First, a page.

- Bram van Munster
- Site Admin
- Posts: 193
- Joined: Sat Aug 18, 2018 3:34 pm
- Location: the Netherlands
Milk thistle is most commonly sought for its medicial properties of preventing and repairing liver damage.
Most parts of the plants are also edible and tasty. Until recently, it was commonly cultivated in Eurpoean vegetable gardens.
Leaves can be de-spined for use as salad greens or sautéed like collard greens; water-soaked stems prepared like asparugus; roots boiled or baked; flower pods used like artichoke heads.
This fairly typical thistle has red to purple flowers and shiny pale green leaves with white veins. Originally a native of Southern Europe through to Asia, it is now found throughout the world.
Milk thistle based supplements have been measured to have the highest mycotoxin concentrations of up to 37 mg/kg when compared amongst various plant-based dietary supplements and is therefor not recommended as food for sheep and cattle! It's toxic to them!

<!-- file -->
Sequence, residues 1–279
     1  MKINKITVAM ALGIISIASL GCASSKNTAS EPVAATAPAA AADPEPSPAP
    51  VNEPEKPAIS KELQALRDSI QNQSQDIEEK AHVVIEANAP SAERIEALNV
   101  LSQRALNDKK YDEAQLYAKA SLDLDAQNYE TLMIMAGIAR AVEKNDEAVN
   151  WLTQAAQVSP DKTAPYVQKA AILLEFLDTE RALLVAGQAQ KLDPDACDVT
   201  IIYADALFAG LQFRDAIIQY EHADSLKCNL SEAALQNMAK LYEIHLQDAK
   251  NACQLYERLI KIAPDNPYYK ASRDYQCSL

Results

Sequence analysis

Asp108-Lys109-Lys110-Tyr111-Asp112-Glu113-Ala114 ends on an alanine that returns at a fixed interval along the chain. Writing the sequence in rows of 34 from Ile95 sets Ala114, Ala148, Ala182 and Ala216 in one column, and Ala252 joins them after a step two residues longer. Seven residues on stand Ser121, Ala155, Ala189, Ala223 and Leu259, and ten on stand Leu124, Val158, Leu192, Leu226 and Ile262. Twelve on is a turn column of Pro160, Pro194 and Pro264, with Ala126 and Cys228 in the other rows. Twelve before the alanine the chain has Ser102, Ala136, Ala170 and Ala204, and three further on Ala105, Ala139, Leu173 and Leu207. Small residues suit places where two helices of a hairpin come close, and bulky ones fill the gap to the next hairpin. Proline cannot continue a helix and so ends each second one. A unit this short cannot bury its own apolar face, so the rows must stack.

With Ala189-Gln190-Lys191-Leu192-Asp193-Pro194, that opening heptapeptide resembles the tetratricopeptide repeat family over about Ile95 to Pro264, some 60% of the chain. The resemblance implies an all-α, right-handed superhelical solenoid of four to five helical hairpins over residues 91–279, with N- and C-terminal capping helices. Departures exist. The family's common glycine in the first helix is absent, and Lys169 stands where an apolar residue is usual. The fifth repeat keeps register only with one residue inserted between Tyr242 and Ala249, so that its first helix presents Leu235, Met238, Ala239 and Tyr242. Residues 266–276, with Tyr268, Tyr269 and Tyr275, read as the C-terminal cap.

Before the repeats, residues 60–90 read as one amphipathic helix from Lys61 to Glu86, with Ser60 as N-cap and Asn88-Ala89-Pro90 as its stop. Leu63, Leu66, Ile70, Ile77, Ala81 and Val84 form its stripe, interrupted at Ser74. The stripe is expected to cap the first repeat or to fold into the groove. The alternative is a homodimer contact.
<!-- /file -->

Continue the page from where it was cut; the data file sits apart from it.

Milk thistle has also been known to be used as food. The roots can be eaten raw or boiled and buttered or par-boiled and roasted. The young shoots in spring can be cut down to the root and boiled and buttered. The spiny bracts on the flower head were eaten in the past like globe artichoke, and the stems (after peeling) can be soaked overnight to remove bitterness and then stewed. The leaves can be trimmed of prickles and boiled as a spinach substitute or they can also be added raw to salads.